Timol probe unfolds like a whodunit
Presiding Judge Billy Mothle had heard the evidence at the Ahmed Timol inquest. Those who were there 46 years ago say Timol stood up, moved swiftly to the window and dived 10 floors to his death. Those giving evidence in the high court this week said his injuries meant Timol was barely conscious before his death and could not have walked to the window.
The last person to see Timol alive was former security police sergeant João Rodrigues (now 78), a 1.9m former rugby player.
He told Mothle that he was unable to stop the 1.6m Timol from diving out the window.
Rodrigues was meant to guard Timol after two interrogators, Captain Johannes Gloy and Captain Johannes van Niekerk, left the room.
During his testimony, he dismissed the new evidence presented by independent pathologists detailing the broken, battered state of the anti-apartheid activist’s body before his death as being mere “speculation”.
And then Mothle called for an early lunch. He wanted to question Rodrigues and “once I start, I don’t want to stop”.
In each of the statements of three police officers who appeared before the 1972 inquest into Timol’s death the year before, one line is repeated almost verbatim: “I did not see any assault on this person, nor was this person assaulted in my presence.”
This week, the repeated line fascinated Mothle and Rodrigues eventually caved in under the pressure of his questions. He admitted to the court that when General Stoffel Buys, the officer investigating Timol’s death, instructed him to add that Timol was not assaulted, he acquiesced. But Rodrigues remained adamant that his statement was the truth. “It is the truth, sir; it is the whole truth and the only truth,” Rodrigues said.
Timol, an ANC and South African Communist Party member, allegedly killed himself on October 27 1971 by “diving” from the 10th floor of the then John Vorster Square (now Johannesburg Central police station) after being detained for five days.
The evidence in the inquest doesn’t add up. Last week, independent forensic pathologists Dr Steve Naidoo and Dr Shakeera Holland told the court that, before Timol fell, his skull had been fractured on the left side, he had bruising on his body and his left lower jaw was crushed. His left ankle was dislocated, Naidoo said. Timol’s injuries meant he would have been barely conscious and unable to walk, the pathologists testified after reviewing the state’s postmortem report on Timol’s body from 1971.
Former security police sergeant João Rodrigues
Faced with Rodrigues’s version that an agile and swift Timol “dived” head-first through a window to his death, and the conflicting evidence that Timol had been hurt in a debilitating manner, Mothle presented his predicament to the weary Rodrigues on Wednesday.
“The story you gave to the inquest in 1972, which you have repeated [here], does not accord with the other evidence we have,” Mothle said.
Rodrigues dismissed the testimonies from the pathologists, saying they had not been there to see Timol’s body. “I was there; I was present when this thing happened,” he said.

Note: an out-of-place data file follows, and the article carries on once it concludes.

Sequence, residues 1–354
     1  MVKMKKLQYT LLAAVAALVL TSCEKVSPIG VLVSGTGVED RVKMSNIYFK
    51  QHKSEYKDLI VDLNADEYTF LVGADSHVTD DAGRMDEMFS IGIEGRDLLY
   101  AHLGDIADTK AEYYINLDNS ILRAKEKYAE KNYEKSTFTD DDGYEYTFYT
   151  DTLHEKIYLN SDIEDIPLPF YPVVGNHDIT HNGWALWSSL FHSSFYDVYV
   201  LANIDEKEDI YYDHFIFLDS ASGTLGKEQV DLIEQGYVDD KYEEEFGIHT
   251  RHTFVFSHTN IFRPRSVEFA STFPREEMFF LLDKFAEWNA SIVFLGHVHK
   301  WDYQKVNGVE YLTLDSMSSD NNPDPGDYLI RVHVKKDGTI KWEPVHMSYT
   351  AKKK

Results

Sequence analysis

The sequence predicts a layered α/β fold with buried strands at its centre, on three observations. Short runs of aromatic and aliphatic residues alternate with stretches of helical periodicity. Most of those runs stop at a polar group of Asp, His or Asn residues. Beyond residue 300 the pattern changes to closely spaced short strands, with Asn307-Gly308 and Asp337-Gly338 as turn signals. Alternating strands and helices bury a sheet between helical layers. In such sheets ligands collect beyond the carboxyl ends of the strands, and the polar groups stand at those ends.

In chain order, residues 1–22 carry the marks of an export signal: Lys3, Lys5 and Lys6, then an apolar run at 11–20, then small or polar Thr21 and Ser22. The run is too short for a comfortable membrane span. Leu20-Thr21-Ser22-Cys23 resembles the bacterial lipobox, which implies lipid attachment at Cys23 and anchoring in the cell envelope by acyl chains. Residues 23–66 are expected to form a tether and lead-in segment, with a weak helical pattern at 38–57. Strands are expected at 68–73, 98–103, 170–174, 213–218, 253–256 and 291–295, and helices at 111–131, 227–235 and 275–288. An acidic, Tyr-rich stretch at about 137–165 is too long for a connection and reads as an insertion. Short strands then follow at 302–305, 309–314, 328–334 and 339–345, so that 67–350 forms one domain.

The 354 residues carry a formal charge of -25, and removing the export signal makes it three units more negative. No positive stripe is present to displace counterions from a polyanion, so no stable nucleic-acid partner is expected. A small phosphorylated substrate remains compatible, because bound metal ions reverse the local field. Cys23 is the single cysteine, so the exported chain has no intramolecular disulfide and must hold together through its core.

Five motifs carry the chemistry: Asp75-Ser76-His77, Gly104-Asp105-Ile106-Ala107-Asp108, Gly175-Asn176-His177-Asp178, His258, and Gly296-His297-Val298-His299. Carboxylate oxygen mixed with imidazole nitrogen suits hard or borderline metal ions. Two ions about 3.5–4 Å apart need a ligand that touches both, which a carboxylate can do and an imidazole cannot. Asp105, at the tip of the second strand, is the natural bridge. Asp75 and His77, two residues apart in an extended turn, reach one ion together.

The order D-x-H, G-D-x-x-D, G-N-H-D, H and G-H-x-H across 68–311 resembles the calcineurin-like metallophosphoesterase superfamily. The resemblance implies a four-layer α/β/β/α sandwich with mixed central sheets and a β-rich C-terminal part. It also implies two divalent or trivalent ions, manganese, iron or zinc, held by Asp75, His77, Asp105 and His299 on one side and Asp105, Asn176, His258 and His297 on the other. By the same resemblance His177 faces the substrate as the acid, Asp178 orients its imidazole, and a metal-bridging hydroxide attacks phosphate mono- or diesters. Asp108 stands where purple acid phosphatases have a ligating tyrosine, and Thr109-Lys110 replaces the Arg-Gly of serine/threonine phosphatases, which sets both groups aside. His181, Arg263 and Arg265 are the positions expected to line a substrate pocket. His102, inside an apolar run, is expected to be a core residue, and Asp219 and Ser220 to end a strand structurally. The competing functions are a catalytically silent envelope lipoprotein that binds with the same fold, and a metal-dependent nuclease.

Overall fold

Advocate Howard Varney, representing the Timol family, accused Rodrigues of “fabricating” evidence. Varney suggested that Van Niekerk, Gloy, Rodrigues and perhaps others in the security branch were with Timol at the time of his death. He charged that Rodrigues was made to testify in 1972 that he was the only witness to the death to shield the senior officers from scrutiny.
Rodrigues conceded that Buys had pressed him to falsify evidence in his statement so it would appear that he (Rodrigues) and Timol had “wrestled” before his death. Although Rodrigues said he refused the instruction, Varney said the fabricated statement would have served to justify Timol’s injuries before the fall.
The advocate alerted the former security cop that if the inquest found he had collaborated with the security branch to manipulate evidence or plan Timol’s murder, then the Timol family lawyers would ask the National Prosecuting Authority to prosecute him for perjury, and for murder or accessory to murder.
“I don’t agree. I’m innocent,” Rodrigues responded.
But under the scrutiny of a persistent judge, Rodrigues stumbled. After three days of questioning, he admitted to Mothle it was possible Timol could have been tortured.
“I cannot say it did happen, but I can say there is a time where it could have happened,” he said.
“I agree,” said Mothle.
‘He can confess’
Until Wednesday afternoon, after Varney announced the Timol family would seek prosecution, Mohammad Timol, Ahmed’s brother, was still hopeful that Rodrigues would disclose everything he knew.
“There’s nothing stopping him from coming back and saying: ‘Listen, I want to confess’,” he said.
Later, Mohammad would turn his face sharply away from Rodrigues and visibly scoff at his response to Varney’s question of whether the apartheid police officer had seen the tearful testimony of Ahmed’s mother, Hawa Timol, at the Truth and Reconciliation Commission.
“I did not hear about it and I didn’t have any information on it,” Rodrigues answered.
Rodrigues often testified he “cannot recall” or “cannot comment” on questions about torture that were posed to him. Mohammad, meanwhile, believes Ahmed was in a coma as a result of the severity of the torture meted out by security police.
The findings in the inquest will depend on whose version Mothle will accept or reject – that of the apartheid cop who is adamant Timol committed suicide or the pathologists who say it is not medically possible.